this is about what I would expect to see:
 

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I reduced the number of HD springs from 4 to 2 and that seemed to do the trick. I also went back and reviewed what I purchased and my HD springs are rated for 110lbs. as the OEM are 49 lbs, I'm thinking having 4 of the HDs was simply too much pressure to overcome for the actuator. again, just my theory. which is why I dropped down to 2 HD springs and 4 standard springs. also purchased a shorter cable, which gave me more room to adjust. so, thanks for the input all.

If it was too much for the actuator, it would damage it. It is more likely a case of adjustment. You got it right when you replaced the cable. Not sure why anyone would want six 110 lb springs unless you were living at the drag strip and using an air shifter. With decent plates and new stock springs, properly adjusted those clutches will take a lot of shit.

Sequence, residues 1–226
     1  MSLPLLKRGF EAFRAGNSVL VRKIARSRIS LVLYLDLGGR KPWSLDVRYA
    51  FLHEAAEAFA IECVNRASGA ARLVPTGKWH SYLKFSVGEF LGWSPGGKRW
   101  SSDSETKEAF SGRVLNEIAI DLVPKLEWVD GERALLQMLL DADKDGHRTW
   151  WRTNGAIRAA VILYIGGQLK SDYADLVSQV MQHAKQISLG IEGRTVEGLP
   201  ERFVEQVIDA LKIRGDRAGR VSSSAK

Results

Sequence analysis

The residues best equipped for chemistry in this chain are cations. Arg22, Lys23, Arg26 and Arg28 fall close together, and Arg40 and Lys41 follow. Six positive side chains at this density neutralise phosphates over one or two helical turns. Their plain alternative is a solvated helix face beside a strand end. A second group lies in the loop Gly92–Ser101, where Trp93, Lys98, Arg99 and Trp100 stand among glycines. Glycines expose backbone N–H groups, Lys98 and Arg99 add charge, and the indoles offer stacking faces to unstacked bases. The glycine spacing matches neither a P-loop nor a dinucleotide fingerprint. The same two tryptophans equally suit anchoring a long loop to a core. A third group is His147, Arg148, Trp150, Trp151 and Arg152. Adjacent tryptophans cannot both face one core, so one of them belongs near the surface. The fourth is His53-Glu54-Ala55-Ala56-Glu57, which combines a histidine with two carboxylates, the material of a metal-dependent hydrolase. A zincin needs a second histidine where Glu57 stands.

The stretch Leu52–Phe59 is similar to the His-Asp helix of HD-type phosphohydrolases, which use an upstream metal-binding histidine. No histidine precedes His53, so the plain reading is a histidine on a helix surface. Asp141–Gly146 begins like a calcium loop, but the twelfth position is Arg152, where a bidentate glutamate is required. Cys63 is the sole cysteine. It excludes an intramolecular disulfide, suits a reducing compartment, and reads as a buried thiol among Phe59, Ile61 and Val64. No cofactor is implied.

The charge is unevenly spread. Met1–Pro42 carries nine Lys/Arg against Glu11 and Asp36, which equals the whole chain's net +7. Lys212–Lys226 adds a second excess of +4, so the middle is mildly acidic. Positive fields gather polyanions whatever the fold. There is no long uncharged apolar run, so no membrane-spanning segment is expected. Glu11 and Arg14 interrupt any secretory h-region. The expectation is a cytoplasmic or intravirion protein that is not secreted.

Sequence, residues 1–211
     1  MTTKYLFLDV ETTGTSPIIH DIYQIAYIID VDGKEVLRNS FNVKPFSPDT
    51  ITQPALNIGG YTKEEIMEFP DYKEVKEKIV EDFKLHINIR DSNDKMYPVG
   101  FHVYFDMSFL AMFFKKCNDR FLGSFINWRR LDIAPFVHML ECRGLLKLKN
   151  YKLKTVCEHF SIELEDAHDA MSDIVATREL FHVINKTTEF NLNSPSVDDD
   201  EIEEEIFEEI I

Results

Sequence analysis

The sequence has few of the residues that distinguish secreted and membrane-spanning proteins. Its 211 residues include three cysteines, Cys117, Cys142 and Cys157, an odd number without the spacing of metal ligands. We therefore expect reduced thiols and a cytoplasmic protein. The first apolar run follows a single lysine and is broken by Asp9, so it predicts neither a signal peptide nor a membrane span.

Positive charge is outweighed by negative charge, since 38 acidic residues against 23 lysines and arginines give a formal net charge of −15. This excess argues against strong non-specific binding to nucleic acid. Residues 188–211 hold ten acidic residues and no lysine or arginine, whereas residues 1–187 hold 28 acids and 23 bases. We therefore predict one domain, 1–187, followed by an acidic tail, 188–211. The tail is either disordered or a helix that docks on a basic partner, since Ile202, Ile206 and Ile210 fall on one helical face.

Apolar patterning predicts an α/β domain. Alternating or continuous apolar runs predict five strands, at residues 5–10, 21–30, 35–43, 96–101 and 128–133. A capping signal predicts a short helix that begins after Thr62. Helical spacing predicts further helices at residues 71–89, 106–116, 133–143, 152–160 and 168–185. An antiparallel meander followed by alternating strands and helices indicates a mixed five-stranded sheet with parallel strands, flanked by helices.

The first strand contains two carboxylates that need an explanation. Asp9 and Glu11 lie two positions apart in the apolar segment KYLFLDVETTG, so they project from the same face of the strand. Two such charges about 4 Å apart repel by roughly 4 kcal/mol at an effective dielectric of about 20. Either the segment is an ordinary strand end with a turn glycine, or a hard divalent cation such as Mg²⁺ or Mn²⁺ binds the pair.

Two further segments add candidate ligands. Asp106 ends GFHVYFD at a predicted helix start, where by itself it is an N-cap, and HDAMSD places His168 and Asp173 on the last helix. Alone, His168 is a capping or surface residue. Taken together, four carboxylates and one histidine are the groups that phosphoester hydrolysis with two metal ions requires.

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I never had much luck getting cast aluminum with complex shapes and flanges to bend, it usually just breaks into pieces on me. ymmv.

Well at the moment, the only one of that type I have is buried in the bowels of of a GL500 and the likelihood of me having it on the bench is extremely slim.... unless I get really sick of swapping belts/pulleys on the mill and decide to rob the GL gearbox and use it instead of the belts. You “may” be right but willing to wager a cheeseburger. If and when I get one on the bench, I’ll get the DDG out and measure deflection at 110 vs 49. If I’m wrong, I’ll pop a cheeseburger in the mail for you.

BTW. Watch some Vtwin cast aluminum crankcases on a running engine with a strobe. It’ll make you want to head for the hills.
 

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;) is that a beef burger made with extra hormones,
or meat like substitute materials made by a company that also produces nylon rope.